I figure if it makes me want to dance, it will make me want to run!

Friday, May 10, 2013

Happy Friday!

Quinoa for Breakfast?
Oh yes.  After living in Bolivia, I can assure you that it's a good idea to eat quinoa at any time of day -- in soup, mixed with eggs and baked to form a kind of savory cake, toasted and enrobed in chocolate, etc.  By now, most of you are probably already on board with this wondergrain (which technically isn't a grain) for its protein content.  I tried it in place of oatmeal this morning and now I actually prefer it!  If you've eaten it before, you know that quinoa has a satisfying, toothsome texture and rich, nutty flavor.  It holds its shape better than oats and takes on an almost peanut-butter-like taste when paired with sweet ingredients.  I'm officially a quinoa-for-breakfast convert.
and you will be too
I will report that soaking quinoa overnight does not work.  But you can cook it in the microwave to save time.  I used a 1/2 cup mixture of both red and white quinoa, a tablespoon of chia seeds, one chopped date, 1/2 cup of canned light coconut milk mixed with 1/2 cup of water, a few drops of vanilla, and a sprinkle of cinnamon.  Heat it on high in a covered bowl for 2 minutes, stir, and put it back in for another 2 minutes.  Stir it again and test a tiny bite to see if it's cooked yet.  If not, put it back in for one minute at a time until the quinoa has cooked through and absorbed most of the liquid (mine took about 6 minutes total).  Let sit for 1 minute and stir again before eating.  I topped mine with sliced banana.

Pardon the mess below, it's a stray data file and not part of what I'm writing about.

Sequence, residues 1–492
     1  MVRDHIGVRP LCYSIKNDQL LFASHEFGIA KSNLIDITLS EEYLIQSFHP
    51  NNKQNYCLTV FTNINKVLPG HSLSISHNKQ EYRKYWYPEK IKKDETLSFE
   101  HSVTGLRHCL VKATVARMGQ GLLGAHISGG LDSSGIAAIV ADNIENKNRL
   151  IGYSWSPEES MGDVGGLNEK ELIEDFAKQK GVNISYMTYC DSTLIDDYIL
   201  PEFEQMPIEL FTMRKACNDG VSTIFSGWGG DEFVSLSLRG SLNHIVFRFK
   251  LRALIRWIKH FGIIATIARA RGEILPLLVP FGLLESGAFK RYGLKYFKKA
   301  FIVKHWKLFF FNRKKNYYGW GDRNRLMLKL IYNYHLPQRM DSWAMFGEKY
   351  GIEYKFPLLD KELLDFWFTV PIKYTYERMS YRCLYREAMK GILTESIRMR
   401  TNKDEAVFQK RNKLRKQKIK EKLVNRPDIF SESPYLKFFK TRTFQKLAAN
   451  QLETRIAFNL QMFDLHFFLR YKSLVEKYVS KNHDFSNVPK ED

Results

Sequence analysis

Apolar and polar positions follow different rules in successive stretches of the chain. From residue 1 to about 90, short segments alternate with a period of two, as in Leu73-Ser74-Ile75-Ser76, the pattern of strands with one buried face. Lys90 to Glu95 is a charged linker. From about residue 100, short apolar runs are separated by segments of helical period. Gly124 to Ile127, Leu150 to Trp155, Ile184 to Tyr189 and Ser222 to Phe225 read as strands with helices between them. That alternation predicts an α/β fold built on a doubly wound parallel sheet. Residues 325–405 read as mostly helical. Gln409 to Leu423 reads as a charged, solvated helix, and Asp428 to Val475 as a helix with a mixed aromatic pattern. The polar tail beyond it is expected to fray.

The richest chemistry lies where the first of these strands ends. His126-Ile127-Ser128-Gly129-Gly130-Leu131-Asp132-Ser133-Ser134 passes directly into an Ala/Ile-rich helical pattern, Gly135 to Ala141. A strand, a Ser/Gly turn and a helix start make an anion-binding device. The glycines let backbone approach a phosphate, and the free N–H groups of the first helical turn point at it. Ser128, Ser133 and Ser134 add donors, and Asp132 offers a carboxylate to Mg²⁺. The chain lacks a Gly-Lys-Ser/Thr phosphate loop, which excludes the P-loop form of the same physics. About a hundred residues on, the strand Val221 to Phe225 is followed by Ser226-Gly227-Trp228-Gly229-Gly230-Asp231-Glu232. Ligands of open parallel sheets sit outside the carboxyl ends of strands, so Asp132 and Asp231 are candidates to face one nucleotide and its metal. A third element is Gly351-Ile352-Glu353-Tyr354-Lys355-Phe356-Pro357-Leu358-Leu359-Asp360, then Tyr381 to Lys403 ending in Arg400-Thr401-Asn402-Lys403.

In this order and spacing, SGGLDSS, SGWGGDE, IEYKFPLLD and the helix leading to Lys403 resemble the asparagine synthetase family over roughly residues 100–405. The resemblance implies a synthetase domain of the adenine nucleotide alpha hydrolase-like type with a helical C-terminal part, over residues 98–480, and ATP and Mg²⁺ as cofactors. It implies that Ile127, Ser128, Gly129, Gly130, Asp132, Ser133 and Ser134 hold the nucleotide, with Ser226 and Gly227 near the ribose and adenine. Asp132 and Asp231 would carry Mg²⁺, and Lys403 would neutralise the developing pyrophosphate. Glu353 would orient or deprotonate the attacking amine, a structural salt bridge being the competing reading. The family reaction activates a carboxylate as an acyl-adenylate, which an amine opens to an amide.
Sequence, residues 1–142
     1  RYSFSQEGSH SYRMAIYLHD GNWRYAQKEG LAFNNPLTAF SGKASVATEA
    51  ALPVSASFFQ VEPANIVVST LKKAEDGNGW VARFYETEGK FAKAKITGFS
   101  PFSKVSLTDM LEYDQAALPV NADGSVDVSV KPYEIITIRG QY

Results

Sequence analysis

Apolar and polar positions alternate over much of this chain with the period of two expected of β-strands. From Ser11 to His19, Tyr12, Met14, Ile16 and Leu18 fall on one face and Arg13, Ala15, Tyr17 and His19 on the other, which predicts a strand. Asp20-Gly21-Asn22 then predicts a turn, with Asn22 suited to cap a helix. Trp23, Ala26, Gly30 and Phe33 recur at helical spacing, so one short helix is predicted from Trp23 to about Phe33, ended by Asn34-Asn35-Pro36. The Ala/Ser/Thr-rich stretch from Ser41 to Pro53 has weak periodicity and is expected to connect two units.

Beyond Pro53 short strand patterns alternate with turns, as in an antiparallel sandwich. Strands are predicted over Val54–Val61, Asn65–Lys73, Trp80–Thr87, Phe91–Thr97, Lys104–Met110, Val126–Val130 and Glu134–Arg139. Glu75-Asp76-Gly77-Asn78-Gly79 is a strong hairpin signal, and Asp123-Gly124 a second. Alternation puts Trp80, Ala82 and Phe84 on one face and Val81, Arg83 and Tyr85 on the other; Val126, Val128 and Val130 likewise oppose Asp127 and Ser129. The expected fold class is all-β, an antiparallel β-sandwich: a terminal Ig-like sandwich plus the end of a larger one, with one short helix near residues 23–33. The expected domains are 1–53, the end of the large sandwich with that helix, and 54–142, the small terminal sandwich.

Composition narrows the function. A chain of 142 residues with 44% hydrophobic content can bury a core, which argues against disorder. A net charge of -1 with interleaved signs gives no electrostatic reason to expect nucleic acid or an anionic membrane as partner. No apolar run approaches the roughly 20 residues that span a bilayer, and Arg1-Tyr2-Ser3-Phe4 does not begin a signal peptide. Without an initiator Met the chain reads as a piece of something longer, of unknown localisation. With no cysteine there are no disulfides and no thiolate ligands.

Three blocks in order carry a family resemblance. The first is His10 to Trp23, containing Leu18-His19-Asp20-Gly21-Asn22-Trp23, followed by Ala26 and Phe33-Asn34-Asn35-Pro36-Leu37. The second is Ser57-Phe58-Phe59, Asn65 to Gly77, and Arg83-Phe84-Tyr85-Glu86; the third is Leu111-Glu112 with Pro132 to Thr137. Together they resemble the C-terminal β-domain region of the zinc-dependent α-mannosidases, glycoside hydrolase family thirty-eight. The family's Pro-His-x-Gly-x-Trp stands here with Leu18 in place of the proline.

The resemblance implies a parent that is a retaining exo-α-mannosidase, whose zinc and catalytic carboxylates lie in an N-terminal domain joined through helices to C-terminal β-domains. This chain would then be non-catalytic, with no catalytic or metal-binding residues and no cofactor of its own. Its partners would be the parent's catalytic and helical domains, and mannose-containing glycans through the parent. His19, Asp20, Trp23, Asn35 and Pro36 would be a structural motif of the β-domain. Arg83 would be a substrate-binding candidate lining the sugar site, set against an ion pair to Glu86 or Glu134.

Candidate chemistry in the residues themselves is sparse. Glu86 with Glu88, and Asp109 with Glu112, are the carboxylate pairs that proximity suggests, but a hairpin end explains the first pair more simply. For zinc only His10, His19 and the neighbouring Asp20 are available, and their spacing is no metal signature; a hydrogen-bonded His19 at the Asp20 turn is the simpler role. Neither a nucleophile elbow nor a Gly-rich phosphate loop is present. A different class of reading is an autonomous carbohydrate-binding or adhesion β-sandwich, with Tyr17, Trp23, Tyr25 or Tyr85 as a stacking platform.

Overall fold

Fun Links
Since it's Friday, let's relax.  Here are some links to entertain you.

Whether you love literature, tattoos, or both, this buzzfeed post is cool and inspiring.  http://www.buzzfeed.com/alannaokun/tattoos-inspired-by-books

This website is an ambitious music project!  It's a catalog/slideshow of songs that sound like other songs.  You get to listen to clips of each.  Maybe you'll find your new favorite, or just remember some classics.
http://soundsjustlike.com/

In case you've been a little lazy about birth control, here's some (funny) incentive:
http://reasonsmysoniscrying.tumblr.com/

This website posts images of actual letters written by celebrities and historical figures.  I'm impressed.
http://www.lettersofnote.com/

With that, I wish you a fun weekend.

Thursday, May 9, 2013

Food Experiments